The Forest

Last week I spoke of the search for Cape parrots in the hills of Natal in South Africa.  This week I continue the adventure as we descended into a patch of ancient natural forest, with all its attendant marvels of creationWe sat and watched, content in one another’s company and in the kaleidoscope of life happening around us…


Genesis 1:11-12

Then He commanded, ‘Let the earth produce all kinds of plants, those that bear grain and those that bear fruit’ – and it was done.  So the earth produced all kinds of plants, and God was pleased with what He saw.

We had spent the early hours of this autumn morning counting Cape Parrots and now we ventured into the forest itself.  As soon as we entered the shadowed track the whole of life changed.  Gone were the warm rays of the sun, the smell of dust, the tawny browns of grass and the panoramic vistas.

In their place was green in a hundred shades and tones; the smell of damp moss, the sparkle of moist patches, and all around towering trees, reaching to the sky.  How long had this patch of forest been here?  We did not know, but it was ancient and we could feel the peace of long established existence.  Huge ferns draped themselves on the banks above and below the road.  Thick creepers clung tenaciously to the trees or hung, ropelike, in free fall.  Some were thicker than a man’s arm.  Here and there, in pools of sunlight, saplings had struggled through the dense undergrowth and were now stretching up to claim their place in the forest, nourished by the rich mulch on the forest floor, and the continual dampness of the southern slope.

We stopped and settled motionless and silent, and let the forest come to us. As the threat of our movement eased, so the forest came alive with activity.  Birds who made their home here re-commenced the busyness of living, whilst some, like the forest canary and the chorister robin, thrilled us with their beauty and their song.  African olive pigeons flew deftly through the trees, thrushes tossed leaves in search of breakfast and a grey shrike cleaned its beak on a branch high above our heads, having finished its own meal.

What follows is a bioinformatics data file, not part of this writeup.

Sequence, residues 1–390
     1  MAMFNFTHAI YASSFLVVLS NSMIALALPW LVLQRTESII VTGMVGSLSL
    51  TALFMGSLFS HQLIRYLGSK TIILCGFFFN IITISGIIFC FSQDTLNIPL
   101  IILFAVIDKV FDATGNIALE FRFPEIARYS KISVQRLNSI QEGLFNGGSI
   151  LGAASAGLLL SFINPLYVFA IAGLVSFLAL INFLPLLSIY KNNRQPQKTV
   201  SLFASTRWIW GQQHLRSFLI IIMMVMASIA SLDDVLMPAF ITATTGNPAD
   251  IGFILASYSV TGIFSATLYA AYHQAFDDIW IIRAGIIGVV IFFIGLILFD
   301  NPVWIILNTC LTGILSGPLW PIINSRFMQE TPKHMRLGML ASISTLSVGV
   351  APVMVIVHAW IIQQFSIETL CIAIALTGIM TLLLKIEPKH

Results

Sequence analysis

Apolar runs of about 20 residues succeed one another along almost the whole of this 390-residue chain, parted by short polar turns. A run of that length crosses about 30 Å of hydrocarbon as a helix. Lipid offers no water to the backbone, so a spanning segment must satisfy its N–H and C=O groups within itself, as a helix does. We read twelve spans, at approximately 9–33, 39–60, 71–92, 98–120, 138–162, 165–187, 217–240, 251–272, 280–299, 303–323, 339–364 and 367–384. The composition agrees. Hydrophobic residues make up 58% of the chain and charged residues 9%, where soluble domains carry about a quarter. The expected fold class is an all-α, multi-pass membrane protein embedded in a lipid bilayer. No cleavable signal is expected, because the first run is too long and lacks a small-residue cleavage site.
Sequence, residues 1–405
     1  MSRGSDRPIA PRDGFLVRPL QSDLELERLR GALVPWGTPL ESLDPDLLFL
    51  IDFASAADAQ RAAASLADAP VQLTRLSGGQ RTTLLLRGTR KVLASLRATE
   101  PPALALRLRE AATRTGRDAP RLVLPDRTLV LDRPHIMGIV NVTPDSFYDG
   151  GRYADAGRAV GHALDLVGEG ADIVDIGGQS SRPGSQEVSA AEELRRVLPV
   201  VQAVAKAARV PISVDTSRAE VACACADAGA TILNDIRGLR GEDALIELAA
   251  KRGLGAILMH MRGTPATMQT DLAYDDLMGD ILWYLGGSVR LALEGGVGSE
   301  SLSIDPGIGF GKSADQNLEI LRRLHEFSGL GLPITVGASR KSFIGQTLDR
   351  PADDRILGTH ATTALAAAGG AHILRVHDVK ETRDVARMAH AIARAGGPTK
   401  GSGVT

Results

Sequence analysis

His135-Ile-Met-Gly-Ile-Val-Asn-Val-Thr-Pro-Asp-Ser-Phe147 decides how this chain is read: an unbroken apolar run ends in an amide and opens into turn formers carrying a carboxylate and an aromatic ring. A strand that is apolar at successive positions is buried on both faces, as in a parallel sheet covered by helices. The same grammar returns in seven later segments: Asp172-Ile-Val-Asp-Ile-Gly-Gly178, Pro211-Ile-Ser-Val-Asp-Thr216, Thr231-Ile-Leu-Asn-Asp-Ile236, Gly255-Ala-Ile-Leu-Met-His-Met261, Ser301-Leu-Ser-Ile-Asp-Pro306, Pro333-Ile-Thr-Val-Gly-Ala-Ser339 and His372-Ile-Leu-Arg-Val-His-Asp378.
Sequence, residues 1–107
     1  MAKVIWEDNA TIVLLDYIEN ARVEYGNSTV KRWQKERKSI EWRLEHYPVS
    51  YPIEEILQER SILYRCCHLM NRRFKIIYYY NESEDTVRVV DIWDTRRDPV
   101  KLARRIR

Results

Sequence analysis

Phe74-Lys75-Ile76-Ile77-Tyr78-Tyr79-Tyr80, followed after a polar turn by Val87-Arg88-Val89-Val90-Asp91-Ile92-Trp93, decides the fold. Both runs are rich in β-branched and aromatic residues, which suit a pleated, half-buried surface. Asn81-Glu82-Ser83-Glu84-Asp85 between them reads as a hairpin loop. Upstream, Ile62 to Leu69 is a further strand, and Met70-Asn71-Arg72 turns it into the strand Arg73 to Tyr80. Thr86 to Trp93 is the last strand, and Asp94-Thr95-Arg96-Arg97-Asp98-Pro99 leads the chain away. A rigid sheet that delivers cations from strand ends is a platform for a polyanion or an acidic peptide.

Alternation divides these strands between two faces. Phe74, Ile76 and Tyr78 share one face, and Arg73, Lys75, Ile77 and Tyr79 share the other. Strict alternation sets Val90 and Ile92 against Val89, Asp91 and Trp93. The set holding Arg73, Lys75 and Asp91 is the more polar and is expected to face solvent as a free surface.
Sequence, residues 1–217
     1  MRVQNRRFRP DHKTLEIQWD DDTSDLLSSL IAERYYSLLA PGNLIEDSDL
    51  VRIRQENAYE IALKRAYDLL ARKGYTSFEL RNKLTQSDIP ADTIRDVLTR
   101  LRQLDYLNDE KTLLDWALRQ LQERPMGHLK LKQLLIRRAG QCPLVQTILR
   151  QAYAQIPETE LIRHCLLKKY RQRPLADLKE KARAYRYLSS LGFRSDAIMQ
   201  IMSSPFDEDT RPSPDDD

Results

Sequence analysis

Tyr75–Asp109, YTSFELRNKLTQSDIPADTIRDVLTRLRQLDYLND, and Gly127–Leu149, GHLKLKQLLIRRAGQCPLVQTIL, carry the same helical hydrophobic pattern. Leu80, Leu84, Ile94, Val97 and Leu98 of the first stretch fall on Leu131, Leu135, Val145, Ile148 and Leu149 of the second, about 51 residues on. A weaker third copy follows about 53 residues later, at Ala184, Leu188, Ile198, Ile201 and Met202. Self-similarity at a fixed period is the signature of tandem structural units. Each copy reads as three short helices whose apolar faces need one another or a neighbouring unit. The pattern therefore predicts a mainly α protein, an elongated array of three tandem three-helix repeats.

Sitting quite still I watched a strange phenomenon of colour.  Emerald green, there seemed to be no substance to the shape.  As I continued watching the colour changed position and began to merge with a rose-hued patch below it, which had not been there moments before.  I puzzled over this mystery for a while and then understood.  The colours were a rainbow – the sun catching strands of spider’s web and making them glow as a prism.  In this forest even the cobwebs are beautiful!

The silence was intense.  Absolute peace.  Even the wonderful birdsong did not break it but seemed to be layered on top of it so that under it all was silence.

From time to time the undergrowth would rustle, reminding us of a hidden life that existed beyond our sight or knowledge.

It was a place of mystery and wonder and I would remember the silence and peace when my life once again became filled with noise and action.  I knew, deep in my soul, that it would become a haven for me in my mind when I need to withdraw for a moment and find peace and healing.

It has a name, this forest, an African name, but no-one knew what it meant.  To me it will always be The Forest – and that will be enough.


 ‘Here’s what I want you to do:  Find a quiet, secluded place so you won’t be tempted to role-play before God.   Just be there as simply and honestly as you can manage.  The focus will shift from you to God, and you will begin to sense His grace’.  (Matthew 6:6)  Once you have found this place take a photo of it with your mind and return to it when life gets hard.  Record your experience in your journal.


May I find a place that speaks peace into my soul so that I can return to it in my mind and spend time there with You when life gets too busy.  Guide me to that place, Abba, and let it become a place of refreshment for me.  Amen.



About Mandy Hackland

My love in life is to encourage others to deepen their relationship with God. I write devotional material, stories and small group studies with that in mind. I live in South Africa and also love spending time in the bush, bird watching and walking. I do live in the city but make the most of the green spaces that surround me.
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